‘Separate Lies’ asks a lot of hard questions, but only answers some of them

Tom Wilkinson and Rupert Everett in 'Separate Lies'
Tom Wilkinson and Rupert Everett in ‘Separate Lies’

This year’s roster of Best Actor nominees is indeed impressive, but it would have been more so had it included Tom Wilkinson. Certainly the actor’s smoldering work in 2005’s little-seen Separate Liesis among the most revelatory work of the year.

In the film – the directorial debut of Oscar-winning Gosford Park scripter Julian Fellowes, Wilkinson plays James Manning, a successful, well-respected attorney who seems to have it all. His word slowly unravels, however, when the husband of his cleaning lady becomes the victim of a hit-and-run. Eventually, neighbor Bill Bule (Rupert Everett) becomes a suspect in the matter, and as the greater truth is revealed, James begins to suspect that his loyal wife Anne (Emily Watson) might not be so loyal after all.

Tom Wilkinson and Emily Watson in 'Separate Lies'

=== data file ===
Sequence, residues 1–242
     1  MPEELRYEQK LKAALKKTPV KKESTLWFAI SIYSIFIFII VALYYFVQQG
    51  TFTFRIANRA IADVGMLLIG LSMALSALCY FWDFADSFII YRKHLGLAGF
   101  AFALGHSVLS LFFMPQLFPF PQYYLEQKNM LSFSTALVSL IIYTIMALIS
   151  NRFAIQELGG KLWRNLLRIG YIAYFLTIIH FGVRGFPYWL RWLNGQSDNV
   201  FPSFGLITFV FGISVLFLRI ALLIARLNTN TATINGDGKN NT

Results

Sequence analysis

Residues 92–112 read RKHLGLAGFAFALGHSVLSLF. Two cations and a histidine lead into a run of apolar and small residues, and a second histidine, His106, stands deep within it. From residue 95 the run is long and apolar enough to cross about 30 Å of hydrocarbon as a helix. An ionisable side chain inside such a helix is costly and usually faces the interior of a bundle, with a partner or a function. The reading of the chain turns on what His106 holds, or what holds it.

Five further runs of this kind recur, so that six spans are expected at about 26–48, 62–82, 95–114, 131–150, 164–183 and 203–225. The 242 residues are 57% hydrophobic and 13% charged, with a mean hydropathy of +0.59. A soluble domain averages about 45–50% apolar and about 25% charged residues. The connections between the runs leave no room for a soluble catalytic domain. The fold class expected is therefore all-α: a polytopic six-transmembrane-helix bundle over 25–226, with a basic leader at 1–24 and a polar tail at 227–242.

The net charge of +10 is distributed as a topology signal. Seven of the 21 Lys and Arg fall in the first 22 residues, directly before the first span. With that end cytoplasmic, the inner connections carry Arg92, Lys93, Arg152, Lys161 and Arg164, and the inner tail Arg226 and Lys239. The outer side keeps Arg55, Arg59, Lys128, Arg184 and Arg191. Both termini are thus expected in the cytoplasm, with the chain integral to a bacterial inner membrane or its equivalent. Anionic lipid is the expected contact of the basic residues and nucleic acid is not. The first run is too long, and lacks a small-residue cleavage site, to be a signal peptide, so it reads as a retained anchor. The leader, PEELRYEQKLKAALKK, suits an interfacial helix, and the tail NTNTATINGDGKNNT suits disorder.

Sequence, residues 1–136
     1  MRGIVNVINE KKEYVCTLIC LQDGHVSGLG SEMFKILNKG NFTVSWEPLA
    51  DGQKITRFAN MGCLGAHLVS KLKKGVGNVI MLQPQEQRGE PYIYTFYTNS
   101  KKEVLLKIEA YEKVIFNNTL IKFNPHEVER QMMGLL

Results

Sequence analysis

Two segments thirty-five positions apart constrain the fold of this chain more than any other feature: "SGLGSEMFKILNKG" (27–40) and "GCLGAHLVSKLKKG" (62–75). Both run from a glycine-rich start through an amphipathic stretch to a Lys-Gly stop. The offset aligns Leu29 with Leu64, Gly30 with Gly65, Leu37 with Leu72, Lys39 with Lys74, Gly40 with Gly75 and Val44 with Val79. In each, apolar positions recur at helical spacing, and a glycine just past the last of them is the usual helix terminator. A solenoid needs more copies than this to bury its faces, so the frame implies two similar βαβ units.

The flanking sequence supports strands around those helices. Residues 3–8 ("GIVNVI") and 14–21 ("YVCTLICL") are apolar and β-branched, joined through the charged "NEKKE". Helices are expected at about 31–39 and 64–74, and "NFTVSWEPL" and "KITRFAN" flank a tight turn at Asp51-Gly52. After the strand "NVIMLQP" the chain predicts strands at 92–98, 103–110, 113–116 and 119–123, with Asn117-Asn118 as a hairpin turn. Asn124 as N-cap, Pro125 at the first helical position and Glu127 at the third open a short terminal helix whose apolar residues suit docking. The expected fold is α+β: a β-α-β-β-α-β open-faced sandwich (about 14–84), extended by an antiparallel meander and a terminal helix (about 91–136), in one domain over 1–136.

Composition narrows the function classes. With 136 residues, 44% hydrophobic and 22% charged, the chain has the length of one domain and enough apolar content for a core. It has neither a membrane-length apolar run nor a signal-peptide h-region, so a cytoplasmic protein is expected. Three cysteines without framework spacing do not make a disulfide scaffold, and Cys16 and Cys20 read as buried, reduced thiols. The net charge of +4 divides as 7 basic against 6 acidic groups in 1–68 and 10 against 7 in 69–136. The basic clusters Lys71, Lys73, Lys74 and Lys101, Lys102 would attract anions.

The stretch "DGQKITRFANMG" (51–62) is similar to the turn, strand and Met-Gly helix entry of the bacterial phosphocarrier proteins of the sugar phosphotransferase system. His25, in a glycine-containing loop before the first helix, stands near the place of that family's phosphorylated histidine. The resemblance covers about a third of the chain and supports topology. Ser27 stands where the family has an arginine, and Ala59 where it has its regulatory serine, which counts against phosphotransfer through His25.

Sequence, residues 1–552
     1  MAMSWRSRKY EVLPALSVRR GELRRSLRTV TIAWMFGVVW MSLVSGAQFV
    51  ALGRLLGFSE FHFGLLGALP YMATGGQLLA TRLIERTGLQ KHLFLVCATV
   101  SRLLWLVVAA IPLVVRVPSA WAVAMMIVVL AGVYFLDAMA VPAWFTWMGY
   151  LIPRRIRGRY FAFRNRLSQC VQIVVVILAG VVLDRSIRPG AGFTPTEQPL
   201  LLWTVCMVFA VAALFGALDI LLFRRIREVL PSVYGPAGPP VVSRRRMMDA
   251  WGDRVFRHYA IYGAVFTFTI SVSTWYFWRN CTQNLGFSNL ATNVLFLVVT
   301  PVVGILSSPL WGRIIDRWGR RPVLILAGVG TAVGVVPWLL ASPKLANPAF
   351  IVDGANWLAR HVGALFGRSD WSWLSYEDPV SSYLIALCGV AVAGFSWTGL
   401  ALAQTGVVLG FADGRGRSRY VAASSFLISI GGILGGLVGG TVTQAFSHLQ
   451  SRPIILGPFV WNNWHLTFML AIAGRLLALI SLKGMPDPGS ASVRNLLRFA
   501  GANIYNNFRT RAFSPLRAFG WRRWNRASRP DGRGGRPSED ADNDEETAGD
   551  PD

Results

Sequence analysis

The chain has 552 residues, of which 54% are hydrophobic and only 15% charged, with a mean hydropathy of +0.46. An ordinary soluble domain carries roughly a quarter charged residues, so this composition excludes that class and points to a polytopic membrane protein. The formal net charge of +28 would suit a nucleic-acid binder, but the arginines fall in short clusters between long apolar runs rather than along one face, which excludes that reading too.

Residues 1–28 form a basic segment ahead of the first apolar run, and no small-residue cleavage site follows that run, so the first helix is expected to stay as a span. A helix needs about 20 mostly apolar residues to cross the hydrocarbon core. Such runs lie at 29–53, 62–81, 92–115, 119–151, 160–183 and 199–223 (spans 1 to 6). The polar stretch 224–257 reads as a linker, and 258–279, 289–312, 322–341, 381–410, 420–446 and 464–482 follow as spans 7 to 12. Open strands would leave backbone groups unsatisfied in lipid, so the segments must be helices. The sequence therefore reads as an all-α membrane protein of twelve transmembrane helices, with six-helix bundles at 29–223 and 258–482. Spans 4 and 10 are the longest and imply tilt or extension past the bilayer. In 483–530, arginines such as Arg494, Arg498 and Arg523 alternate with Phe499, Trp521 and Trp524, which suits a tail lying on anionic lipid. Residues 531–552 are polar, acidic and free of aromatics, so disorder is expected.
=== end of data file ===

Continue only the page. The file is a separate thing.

Tom Wilkinson and Emily Watson in ‘Separate Lies’

At every turn, James finds himself at a crossroads, as Lies is all about the choices we make to protect the ones we love – and preserve our own happiness. James has his own secrets as well, and as Fellowes’ film unravels, he makes clear the damage such secrecy can do.

All three members of this triangle prove to be masters at this subterfuge. And Fellowes excels at homing in on the dramatic richness of domestic discord. In one scene, as Anne delivers some unsettling news to James, Watson methodically chops vegetables, her knife punctuating the scene with all the strength of a guillotine.

What is interesting is Anne’s relationship with Bill. He has no expectations of her and makes no judgments, and this no-strings arrangement is exactly the antidote to Anne’s relationship with James. While the actions of the three may cause some damage, ultimately it’s what they tell each other – first the lies, then the more piercing truths – that hurt the most.

So what does keep a marriage going? According to one scene, Fellowes posits that the answer may indeed be children. As James’ marriage disintegrates, he sees a child in the park and considers how his marriage may have been strengthened had he and Anne had children to provide a greater bond. Fellowes has created a movie that asks many tough questions about both guilt and blame, and toughest of all, he provides few answers.

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